Selecting What Data to Show

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Often, the data you want to surface in your database application does not correspond exactly to the data in a single database table. You may want to use only a subset of the fields or a subset of the records in a table. You may want to combine the information from more than one table into a single joined view.

The data available to your database application is controlled by your choice of dataset component. Datasets abstract the properties and methods of a database table, so that you do not need to make major alterations depending on whether the data is stored in a database table or derived from one or more tables in the database. For more information on the common properties and methods of datasets, see Understanding Datasets.

Your application can contain more than one dataset. Each dataset represents a logical table. By using datasets, your application logic is buffered from restructuring of the physical tables in your databases. You might need to alter the type of dataset component, or the way it specifies the data it contains, but the rest of your user interface can continue to work without alteration.

You can use any of the following types of dataset:

  • Table components: Tables (TIBTable) correspond directly to the underlying tables in the database. You can adjust which fields appear (including adding lookup fields and calculated fields) by using persistent field components. You can limit the records that appear using ranges or filters. Tables are described in more detail in Working with Tables. Persistent fields are described in “Persistent field components” in the Delphi Developer’s Guide. Ranges and filters are described in Working with a subset of data.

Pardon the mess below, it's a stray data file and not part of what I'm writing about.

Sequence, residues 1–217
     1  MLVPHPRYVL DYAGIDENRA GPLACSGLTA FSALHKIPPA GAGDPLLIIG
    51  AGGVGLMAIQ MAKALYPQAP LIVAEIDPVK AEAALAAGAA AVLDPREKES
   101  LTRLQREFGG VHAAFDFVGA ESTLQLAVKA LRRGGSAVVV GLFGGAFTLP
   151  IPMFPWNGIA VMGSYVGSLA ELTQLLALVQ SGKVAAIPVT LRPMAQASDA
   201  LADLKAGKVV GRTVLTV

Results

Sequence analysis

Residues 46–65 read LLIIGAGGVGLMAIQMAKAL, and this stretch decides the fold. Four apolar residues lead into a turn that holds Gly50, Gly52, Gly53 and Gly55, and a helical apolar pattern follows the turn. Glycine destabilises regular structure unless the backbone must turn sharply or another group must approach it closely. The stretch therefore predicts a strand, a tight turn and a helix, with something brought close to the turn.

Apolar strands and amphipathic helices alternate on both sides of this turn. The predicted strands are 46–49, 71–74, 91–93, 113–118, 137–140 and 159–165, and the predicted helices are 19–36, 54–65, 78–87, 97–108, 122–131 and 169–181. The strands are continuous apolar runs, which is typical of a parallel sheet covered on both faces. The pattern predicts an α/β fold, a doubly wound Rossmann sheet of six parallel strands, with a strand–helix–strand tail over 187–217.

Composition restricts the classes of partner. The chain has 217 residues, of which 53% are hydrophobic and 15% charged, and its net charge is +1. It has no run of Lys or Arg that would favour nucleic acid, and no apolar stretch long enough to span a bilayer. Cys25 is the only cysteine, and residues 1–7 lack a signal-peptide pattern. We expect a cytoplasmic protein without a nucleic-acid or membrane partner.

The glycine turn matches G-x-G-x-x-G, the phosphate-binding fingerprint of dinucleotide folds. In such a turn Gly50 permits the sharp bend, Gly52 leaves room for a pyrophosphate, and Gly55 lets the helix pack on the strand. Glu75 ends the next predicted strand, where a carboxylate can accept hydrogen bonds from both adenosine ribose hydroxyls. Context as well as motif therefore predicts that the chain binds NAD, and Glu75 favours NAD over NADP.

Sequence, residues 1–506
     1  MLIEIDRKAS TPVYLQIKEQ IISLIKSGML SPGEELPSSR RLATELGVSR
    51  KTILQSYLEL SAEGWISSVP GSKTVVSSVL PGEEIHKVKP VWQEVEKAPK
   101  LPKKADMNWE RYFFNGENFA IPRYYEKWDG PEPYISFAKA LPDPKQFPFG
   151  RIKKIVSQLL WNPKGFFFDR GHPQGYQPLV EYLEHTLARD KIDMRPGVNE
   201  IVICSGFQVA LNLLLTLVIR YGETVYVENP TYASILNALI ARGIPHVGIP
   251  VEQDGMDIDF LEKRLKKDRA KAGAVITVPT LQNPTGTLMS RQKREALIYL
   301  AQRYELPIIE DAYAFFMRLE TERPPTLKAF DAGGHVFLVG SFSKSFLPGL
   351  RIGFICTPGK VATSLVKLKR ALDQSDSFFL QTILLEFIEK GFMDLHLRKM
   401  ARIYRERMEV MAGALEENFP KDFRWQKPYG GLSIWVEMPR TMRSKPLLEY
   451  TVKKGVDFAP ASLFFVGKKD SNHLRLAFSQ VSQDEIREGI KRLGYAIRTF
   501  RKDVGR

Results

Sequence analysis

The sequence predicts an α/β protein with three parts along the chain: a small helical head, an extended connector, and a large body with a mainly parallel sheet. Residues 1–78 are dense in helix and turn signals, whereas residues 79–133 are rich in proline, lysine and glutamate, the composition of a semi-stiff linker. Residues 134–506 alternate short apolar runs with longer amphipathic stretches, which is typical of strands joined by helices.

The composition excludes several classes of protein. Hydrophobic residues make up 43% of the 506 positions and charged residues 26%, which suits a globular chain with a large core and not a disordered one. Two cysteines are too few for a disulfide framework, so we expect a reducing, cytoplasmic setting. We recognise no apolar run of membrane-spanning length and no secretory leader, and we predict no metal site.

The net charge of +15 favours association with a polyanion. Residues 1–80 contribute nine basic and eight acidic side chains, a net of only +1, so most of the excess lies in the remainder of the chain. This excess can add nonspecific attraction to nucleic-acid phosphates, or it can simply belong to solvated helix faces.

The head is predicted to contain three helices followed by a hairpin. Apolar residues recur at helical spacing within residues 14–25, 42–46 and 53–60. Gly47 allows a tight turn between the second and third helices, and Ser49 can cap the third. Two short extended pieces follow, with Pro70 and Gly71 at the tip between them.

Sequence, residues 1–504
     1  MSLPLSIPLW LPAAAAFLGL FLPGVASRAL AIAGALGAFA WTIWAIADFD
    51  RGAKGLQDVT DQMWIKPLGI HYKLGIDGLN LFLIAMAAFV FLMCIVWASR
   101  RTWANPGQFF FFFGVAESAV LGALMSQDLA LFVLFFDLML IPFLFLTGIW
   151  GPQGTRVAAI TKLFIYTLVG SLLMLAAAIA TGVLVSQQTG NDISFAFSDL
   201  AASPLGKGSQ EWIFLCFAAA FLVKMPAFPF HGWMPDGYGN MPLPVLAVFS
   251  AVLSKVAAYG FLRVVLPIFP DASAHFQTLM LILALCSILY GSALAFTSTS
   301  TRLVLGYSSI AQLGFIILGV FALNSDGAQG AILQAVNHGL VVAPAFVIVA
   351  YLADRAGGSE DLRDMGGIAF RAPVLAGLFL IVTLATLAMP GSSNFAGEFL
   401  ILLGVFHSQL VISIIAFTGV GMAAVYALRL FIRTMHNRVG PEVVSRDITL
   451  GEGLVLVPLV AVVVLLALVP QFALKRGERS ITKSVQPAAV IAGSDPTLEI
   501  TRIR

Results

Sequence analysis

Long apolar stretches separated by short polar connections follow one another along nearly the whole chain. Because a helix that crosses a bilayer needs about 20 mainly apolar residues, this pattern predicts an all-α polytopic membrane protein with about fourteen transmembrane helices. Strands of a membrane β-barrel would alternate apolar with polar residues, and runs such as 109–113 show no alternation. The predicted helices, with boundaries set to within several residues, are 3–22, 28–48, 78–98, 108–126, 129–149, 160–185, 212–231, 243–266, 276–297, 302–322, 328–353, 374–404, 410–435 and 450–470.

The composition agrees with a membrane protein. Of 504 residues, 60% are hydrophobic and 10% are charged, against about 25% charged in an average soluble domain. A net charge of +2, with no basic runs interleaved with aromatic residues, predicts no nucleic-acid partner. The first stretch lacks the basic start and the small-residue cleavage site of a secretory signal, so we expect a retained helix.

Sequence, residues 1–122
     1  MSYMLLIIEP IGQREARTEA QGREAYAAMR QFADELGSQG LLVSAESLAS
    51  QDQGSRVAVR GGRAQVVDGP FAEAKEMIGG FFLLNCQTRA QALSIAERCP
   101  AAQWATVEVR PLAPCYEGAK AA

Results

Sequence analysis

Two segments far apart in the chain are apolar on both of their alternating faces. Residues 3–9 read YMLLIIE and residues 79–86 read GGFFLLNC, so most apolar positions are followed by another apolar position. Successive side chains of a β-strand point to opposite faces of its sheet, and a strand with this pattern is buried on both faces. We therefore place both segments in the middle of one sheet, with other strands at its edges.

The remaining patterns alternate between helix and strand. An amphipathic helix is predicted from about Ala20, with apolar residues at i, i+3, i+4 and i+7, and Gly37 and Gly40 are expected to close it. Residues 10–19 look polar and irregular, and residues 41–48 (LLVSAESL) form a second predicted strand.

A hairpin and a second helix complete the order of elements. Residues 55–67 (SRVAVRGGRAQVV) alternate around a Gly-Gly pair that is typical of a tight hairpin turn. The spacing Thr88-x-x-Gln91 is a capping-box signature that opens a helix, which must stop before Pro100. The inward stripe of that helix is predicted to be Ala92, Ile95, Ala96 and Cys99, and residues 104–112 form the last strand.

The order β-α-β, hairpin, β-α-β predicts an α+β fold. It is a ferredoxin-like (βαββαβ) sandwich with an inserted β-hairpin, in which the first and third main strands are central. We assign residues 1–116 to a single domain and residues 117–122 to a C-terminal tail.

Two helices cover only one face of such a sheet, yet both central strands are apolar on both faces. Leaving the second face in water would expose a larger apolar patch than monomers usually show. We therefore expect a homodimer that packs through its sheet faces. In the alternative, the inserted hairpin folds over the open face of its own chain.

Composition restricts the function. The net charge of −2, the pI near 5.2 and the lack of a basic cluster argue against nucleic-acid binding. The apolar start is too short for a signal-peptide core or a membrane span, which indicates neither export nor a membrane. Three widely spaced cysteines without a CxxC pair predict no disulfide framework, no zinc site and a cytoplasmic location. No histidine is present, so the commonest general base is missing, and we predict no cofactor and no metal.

• Query components: Queries (TIBQuery, TIBDataSet, and TIBSQL) provide the most general mechanism for specifying what appears in a dataset. You can combine the data from multiple tables using joins, and limit the fields and records that appear based on any criteria you can express in SQL. For more information on queries, see Working with Queries.
  • Stored procedures: Stored procedures (TIBStoredProc) are sets of SQL statements that are named and stored on an SQL server. If your database server defines a remote procedure that returns the dataset you want, you can use a stored procedure component. For more information on stored procedures, see Working with Stored Procedures.
  • Client datasets: Client datasets cache the records of the logical dataset in memory. Because of that, they can only hold a limited number of records. Client datasets are populated with data in one of two ways: from an application server or flat-file data stored on disk. When using a client dataset to represent flat-file data, you must create the underlying table programmatically. For more information about client datasets, see Creating and using a client dataset in the Delphi Developer’s Guide.
  • Custom datasets: You can create your custom descendants of TDataSet to represent a body of data that you create or access in code you write. Writing custom datasets allows you the flexibility of managing the data using any method you choose while still letting you use the VCL data controls to build your user interface. For more information about creating custom components, see Overview of component creation in the Delphi Developer’s Guide.

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